Going Live: CubCrafters Goes Public

On the opening day of #OSH2022, CubCrafters announced it was going public, opening the company for investment and filing with the SEC to do so. It’s still in progress, but the result will be a publicly traded company that you can buy a part of.

The company says it’s the first company it knows of to go public on an AirVenture flight, and we won’t disagree. After all, it’s a big step for the company in Yakima, Washington.

“Advised by Manhattan Street Capital,” the company said in an embargoed press release, “CubCrafters intends to file with the SEC a qualification to commence its public offering in the coming weeks.” The idea, he said, is “to raise investment capital by selling preferred stock to its fans, customers, aviation enthusiasts, the investment community and the general public at a price of $5 per share with a minimum investment of just $400 per investor.” The details of the offer are such that, CubCrafters explained, offers made by investors would be non-binding but reserve space to buy shares at the price at which they are initially sell, a price that has not yet been determined.

For those of you unfamiliar with the history of CubCrafters, the company has been dedicated to building and improving backcountry aircraft for 40 years. Founded by Jim Richmond, who died last year, CubCrafters produces an impressive range of products, from overhauled Piper Super Cubs to kit planes, Light Sport models and Part 23 certified planes. This broad and innovative approach was everything Jim Richmond, who was an outwardly quiet, fame-averse thinker whose low profile belied his brilliant growth strategy for the company, as well as the technical innovations he guided the creation of.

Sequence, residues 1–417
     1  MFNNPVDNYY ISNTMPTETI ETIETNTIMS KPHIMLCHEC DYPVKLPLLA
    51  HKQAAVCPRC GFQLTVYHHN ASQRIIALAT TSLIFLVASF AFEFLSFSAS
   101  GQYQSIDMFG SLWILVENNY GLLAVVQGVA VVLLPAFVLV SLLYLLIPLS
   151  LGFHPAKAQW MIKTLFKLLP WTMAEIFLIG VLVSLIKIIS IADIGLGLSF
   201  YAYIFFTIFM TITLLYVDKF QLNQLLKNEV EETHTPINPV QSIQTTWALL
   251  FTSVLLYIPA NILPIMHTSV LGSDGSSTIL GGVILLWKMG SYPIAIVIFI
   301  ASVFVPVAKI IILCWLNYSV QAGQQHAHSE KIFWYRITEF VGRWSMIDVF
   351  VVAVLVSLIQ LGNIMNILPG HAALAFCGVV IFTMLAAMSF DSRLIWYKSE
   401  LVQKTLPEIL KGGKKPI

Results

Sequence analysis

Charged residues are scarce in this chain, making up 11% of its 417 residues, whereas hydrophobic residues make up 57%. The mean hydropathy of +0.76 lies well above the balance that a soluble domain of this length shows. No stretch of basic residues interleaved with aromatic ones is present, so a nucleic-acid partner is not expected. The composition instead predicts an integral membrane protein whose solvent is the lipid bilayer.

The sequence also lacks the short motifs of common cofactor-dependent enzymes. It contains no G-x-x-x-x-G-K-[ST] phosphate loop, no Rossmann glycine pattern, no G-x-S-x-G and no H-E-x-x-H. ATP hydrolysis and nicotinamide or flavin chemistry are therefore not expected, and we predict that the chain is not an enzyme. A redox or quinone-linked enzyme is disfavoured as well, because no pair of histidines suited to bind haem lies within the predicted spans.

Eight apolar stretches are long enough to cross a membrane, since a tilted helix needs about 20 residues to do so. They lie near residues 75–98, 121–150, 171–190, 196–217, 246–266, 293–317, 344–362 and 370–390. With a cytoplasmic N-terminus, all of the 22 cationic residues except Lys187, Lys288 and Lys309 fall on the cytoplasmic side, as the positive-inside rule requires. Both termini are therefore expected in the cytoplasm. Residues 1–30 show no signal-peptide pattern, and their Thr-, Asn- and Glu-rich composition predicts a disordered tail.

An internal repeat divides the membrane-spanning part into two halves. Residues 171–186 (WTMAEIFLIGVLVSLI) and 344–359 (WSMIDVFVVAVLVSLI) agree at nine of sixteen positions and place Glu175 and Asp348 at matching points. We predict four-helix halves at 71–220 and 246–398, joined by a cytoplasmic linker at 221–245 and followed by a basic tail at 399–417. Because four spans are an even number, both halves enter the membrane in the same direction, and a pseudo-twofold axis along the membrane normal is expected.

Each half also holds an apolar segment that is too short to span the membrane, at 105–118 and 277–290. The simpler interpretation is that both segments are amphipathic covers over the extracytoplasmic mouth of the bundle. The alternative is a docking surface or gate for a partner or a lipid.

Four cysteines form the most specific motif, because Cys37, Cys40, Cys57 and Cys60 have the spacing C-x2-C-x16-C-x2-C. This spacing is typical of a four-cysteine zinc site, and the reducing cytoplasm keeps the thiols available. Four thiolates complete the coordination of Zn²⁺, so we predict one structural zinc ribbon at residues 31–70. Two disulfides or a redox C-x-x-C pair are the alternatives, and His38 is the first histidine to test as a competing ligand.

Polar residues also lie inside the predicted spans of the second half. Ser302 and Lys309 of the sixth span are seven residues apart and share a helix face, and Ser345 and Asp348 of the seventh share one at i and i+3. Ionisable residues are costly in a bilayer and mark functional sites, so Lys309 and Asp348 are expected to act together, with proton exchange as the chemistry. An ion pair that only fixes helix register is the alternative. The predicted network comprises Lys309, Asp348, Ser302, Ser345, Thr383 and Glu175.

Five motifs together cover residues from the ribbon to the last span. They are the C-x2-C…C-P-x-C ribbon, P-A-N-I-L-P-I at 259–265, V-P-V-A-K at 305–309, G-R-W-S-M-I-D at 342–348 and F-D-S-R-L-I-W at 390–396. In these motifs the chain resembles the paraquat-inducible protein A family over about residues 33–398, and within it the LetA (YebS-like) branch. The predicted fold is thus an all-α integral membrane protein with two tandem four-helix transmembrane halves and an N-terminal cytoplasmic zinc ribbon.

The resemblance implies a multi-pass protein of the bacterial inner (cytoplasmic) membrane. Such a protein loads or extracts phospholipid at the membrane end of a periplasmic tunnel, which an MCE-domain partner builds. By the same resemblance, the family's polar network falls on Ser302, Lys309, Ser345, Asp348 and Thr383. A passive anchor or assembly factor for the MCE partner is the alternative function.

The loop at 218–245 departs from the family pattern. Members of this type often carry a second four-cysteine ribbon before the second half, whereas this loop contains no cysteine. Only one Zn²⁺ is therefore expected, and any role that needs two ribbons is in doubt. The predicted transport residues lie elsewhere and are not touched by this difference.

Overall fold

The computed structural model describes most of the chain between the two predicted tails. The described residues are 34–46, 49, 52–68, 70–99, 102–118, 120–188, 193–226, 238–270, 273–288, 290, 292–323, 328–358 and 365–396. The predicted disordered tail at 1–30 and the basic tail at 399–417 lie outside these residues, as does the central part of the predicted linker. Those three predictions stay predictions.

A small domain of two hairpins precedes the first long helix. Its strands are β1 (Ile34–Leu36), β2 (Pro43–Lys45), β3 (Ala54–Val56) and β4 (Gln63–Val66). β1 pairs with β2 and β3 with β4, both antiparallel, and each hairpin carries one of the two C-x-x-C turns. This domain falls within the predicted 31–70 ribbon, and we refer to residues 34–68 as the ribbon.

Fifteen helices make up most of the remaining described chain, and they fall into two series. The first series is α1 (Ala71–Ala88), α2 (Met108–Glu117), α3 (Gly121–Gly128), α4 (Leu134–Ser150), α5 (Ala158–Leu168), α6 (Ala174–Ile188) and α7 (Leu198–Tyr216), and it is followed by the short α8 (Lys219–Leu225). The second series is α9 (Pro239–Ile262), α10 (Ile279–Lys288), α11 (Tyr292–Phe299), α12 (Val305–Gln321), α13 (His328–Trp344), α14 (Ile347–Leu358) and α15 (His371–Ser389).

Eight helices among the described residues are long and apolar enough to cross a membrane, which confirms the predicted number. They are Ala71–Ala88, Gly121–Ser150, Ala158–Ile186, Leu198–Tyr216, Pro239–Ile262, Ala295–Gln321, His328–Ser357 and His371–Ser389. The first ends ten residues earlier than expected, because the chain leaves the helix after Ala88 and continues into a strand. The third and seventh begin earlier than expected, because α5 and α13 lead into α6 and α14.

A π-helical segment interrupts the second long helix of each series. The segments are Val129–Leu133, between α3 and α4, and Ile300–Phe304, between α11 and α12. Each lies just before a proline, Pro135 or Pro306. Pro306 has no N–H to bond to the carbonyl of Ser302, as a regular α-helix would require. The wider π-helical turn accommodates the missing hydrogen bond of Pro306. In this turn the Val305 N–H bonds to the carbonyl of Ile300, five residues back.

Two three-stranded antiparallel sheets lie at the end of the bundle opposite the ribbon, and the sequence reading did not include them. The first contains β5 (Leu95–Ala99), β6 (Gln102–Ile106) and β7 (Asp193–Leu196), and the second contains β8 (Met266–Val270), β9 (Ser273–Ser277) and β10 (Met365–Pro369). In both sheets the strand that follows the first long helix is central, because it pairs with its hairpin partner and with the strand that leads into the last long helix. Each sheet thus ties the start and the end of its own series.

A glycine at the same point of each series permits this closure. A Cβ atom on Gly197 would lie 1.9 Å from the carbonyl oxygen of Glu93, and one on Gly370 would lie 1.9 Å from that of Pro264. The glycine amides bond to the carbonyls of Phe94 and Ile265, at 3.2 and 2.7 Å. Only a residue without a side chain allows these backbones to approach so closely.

My first response was that the company, now that Richmond is gone, is moving in a new direction, at least in terms of growth. But CubCrafters says that’s just not the case. In its statement announcing it was going public, CubCrafters wrote, “Our founder Jim Richmond initiated the plan to pursue a public offering with the intention of taking CubCrafters to the next level and securing its future for generations of future airmen. Jim’s vision will enable us to achieve the key objective of continuing to innovate, increasing our market share and accelerating business growth.

What this means, as far as I can tell, is that because it costs a lot of money to build planes and innovate, CubCrafters can’t scale up production or its R&D efforts with its current sources of funding. , which are aircraft purchases. By going public, she will be able to grow the business, her customer base and her lineup much more aggressively. CubCrafters is a privately held US company, he said in the statement. My view is that while other companies, including Cirrus and Piper and Epic Aircraft, for example, have looked to foreign investors, CubCrafters wanted to take a different path, a path that might give them more control over the direction and vision of the company.

With backcountry flying enjoying an unprecedented level of popularity now seems like the perfect time to take this step, even with the economy a wild card at the moment there is real risk involved , although if we’re being honest with ourselves about it, it still is.

With Cirrus Aircraft focused on and dominating the personal transportation segment, CubCrafters seems to be setting itself up to be that kind of company only in a different market segment. Such lifestyle branding and marketing efforts are nothing new in aviation – in recent years, Cirrus and Icon have played that tune well. It’s just not a cheap decision to make, but if done right, the results can be measured in terms of aircraft sold and pilots created.